Access to treatment for multiple sclerosis must be based on
science, not hope
Previously published at www.cmaj.ca
he controversial venous angioplasty procedure proposed process of developing and testing procedures won’t work. Rather,
as a novel treatment for multiple sclerosis by Zamboni we need to build a new and ongoing capacity to initiate clinical
and colleagues1 has generated substantial public debate — studies in response to promising therapeutic discoveries.
for an untested procedure first reported mere months ago. A major part of this approach involves limiting access to
Patients and their advocates have held well-publicized demon- experimental procedures to well-designed clinical studies or
strations demanding access to the procedure. In Ottawa, some research programs. Doing so will ensure access to innovative
MPs are lobbying the federal government for millions of dollars care for all patients while ensuring that the procedures are
in new funding for multiple sclerosis research and this new treat- introduced safely into practice with appropriate evaluation.
ment. Desperation has even led some patients to file a lawsuit Hospital staff and clinicians have a duty to keep unproven
against the BC government claiming that denying access is dis- therapies from premature use. Similarly, provincial govern-
criminatory.2 But do we want hopeful media reports, special ments should prevent public funds from being diverted to the
interest groups and political opportunism to decide which treat- use of drugs or procedures that lack evidence of safety and
ments we should study, provide and insure? effectiveness.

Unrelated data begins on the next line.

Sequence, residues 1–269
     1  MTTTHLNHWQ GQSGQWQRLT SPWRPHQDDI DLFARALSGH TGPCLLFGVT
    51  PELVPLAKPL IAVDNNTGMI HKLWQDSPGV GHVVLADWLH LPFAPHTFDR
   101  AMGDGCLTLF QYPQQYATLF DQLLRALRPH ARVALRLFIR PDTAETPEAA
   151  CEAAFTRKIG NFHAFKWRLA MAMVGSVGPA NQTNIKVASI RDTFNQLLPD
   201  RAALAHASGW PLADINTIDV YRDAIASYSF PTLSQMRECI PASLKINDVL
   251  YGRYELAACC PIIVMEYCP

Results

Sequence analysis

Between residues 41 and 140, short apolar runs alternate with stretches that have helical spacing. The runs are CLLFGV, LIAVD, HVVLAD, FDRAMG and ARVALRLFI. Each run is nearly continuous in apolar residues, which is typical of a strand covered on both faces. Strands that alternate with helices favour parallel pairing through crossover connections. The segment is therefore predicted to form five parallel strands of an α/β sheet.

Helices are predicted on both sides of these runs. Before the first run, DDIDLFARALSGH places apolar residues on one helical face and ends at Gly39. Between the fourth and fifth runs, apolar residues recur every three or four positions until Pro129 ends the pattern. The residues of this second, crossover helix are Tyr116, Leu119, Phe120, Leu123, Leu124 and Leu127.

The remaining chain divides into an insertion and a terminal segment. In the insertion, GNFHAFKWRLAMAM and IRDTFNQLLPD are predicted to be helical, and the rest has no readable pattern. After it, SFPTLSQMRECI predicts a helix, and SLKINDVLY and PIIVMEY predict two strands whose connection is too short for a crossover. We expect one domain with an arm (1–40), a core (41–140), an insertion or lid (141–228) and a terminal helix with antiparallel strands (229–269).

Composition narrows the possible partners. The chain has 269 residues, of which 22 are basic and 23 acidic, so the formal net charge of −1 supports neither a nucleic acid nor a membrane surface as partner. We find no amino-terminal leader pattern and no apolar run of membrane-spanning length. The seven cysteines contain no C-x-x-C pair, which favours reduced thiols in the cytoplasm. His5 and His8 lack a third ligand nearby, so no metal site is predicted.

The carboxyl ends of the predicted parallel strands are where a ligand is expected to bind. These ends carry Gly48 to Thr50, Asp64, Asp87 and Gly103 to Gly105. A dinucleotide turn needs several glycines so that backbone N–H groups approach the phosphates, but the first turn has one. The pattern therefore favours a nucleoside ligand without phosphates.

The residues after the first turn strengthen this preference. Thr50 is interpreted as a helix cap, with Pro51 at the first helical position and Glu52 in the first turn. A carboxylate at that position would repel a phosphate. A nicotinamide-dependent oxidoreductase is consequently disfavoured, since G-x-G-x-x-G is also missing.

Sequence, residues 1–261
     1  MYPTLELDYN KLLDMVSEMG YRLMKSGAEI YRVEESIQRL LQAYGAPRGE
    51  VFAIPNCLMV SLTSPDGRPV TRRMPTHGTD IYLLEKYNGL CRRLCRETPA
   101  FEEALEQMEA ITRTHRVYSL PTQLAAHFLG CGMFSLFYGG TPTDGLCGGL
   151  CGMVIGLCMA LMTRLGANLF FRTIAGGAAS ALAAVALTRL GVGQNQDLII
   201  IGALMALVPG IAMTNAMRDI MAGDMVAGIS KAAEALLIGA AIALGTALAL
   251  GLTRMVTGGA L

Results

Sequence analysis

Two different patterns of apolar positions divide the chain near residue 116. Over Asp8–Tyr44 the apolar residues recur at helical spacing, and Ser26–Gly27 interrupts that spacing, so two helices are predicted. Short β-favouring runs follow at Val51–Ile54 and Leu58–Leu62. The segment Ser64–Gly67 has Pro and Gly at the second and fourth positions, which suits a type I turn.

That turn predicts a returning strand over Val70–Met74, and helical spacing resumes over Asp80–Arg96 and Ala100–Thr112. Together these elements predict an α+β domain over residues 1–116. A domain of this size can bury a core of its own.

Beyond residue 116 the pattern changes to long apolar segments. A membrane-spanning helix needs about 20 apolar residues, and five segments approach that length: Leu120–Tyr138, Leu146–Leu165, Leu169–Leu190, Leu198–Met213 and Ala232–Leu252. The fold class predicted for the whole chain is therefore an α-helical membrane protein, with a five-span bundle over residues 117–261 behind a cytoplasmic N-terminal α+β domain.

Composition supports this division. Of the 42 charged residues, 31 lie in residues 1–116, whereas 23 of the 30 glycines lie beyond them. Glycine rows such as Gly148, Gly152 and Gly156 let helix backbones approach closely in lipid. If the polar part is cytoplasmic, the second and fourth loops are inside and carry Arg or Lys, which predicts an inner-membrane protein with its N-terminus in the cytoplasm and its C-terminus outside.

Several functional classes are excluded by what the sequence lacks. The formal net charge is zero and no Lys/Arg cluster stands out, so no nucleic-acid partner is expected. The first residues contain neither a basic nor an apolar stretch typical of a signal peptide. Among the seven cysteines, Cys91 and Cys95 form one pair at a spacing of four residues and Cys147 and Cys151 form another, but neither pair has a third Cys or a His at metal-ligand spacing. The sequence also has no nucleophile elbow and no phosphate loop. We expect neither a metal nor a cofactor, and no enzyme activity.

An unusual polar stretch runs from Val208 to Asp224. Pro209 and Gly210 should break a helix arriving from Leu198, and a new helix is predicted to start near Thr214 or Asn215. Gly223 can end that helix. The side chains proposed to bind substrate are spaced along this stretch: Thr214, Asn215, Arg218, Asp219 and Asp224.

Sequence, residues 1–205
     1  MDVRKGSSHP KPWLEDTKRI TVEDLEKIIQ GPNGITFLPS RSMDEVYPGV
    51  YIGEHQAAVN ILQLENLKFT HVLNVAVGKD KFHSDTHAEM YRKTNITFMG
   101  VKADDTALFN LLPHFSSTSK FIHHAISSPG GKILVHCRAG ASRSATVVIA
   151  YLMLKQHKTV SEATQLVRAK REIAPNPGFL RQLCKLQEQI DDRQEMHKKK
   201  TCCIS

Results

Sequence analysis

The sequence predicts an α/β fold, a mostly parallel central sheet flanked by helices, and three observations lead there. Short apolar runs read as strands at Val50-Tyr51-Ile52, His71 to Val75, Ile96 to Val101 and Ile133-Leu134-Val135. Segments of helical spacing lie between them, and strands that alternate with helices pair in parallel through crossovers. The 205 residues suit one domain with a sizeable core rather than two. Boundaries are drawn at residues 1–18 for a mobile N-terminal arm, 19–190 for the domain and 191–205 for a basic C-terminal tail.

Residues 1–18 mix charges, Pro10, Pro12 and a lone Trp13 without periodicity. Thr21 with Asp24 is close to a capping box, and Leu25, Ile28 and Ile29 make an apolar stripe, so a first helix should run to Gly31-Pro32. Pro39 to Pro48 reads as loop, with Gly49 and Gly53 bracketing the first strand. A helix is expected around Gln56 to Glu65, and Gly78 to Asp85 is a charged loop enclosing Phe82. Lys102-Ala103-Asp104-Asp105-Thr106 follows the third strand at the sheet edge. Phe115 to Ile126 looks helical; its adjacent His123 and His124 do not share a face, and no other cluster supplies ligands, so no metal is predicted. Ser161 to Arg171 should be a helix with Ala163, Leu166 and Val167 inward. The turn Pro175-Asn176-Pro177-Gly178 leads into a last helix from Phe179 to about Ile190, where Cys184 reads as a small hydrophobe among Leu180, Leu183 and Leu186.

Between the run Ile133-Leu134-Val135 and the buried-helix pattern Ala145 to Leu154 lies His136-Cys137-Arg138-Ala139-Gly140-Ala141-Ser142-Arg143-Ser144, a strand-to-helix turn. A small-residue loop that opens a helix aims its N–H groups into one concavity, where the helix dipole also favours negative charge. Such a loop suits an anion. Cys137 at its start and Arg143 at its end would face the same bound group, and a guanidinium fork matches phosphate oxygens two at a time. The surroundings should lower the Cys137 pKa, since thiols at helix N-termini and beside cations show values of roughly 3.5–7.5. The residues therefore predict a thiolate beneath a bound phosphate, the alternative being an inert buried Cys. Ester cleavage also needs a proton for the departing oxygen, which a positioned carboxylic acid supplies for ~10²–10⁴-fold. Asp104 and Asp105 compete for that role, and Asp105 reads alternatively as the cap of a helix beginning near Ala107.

The idea that multiple sclerosis is caused by chronic cere- Patients should insist on evidence. They should also insist on
brospinal venous insufficiency and can be treated successfully by having their views represented when decisions about where to
percutaneous angioplasty of venous strictures is both novel and spend research dollars are made. With other diseases, such as
unexpected. To date, the published evidence is limited to a case breast cancer, patient advocates have successfully provided an
series of 65 patients.1 The results reported by Zamboni and col- important perspective in the decision-making process. It is only
leagues — greater freedom from relapse (50% v. 27%) and fewer with patients that can research priorities can be set, implemented
lesions seen by magnetic resonance imaging (12% v. 50%) — and tested so that we find better treatments.
seem promising but remain untested in controlled randomized tri- The federal government should refrain from allotting funds for
als. In addition, we are lacking a great deal of the relevant basic specific projects because (a) provinces may be incapable of deal-
science, knowledge about the normal anatomy of the venous sys- ing with the repercussions in clinical care; (b) we may not have
tem, and links between venous anomalies and symptoms of mul- organized clinical research networks able to design and execute a
tiple sclerosis. study; and (c) the project may not be feasible or the best one to
Multiple sclerosis is difficult to study because most clinically take forward, once